Prisoner reentry is a tricky business.
The general thinking is that all reentry programs have the potential to help, and if it doesn’t work, then no harm no foul, right? Actually, no.
Make no mistake, any program can have the opposite effect than was intended – and many of them do. Not only does the research back me up here,1 I also know from personal experience.
I started a reentry nonprofit in 2014 called the Turning Leaf Project. I was in way over my head in the early days. Most “I was in way over my head stories” start out like mine did, with a hope and a dream and a glint in the eye. And of course, no one ever finds out they are in way over their head until the train has already left the station. That was certainly true in my case.
This is the story of how I did harm.
I distinctly remember thinking that we would probably have a 0% re-arrest rate.
Turning Leaf started out as an alternative to prison program. That means that people were coming out of jail with a court requirement to complete the program or else they would go to prison. I wasn’t worried. I had read all the research and had been working with people in jail for years. I saw something in them no one else did. People just needed to be believed in and loved and respected and helped to see the error of their thinking and ways. Cringe. I had a plan to set them up with jobs and housing and support after their release.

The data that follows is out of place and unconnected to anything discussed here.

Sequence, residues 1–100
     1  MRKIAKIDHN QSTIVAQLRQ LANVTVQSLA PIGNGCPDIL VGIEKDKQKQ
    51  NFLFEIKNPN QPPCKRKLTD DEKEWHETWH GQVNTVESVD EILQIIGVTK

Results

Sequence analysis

I distinctly remember thinking that we would probably have a 0% re-arrest rate. So it wasn’t a reg flag to me when prosecution required any person allowed in Turning Leaf as an alternative to prison to face more prison time if they failed. That is, not completing the program would end up in additional prison time than if they had never enrolled in the program to begin with.
You’re probably starting to see where this story is going. I didn’t have a 0% re-arrest rate. Not even close. It was more like 50% at the end of the year. Each one of those people who failed out went on to serve more prison time than if I hadn’t tried to help them.
Okay, but that was their fault. I mean, they’re the ones who opted into the program and failed. I can’t control other people’s choices. I can only give people an opportunity and they’re either willing to take advantage of it or not…right? Well…sort of. This type of thinking is dangerous. It lets well-meaning people [like me] off the hook.
I dangled a carrot of help in front of a lot of desperate people. Let’s get serious, who wouldn’t take any opportunity not to go to prison? It’s not fair to say they made a rational choice. Going to prison or enrolling in a program isn’t really a choice. No one is going to choose going to prison, end of story. I made that choice for them when I offered them a way out.
So let’s talk about my choice for them.
- Did I have any concrete evidence that Turning Leaf could help them stay out of prison? Nope.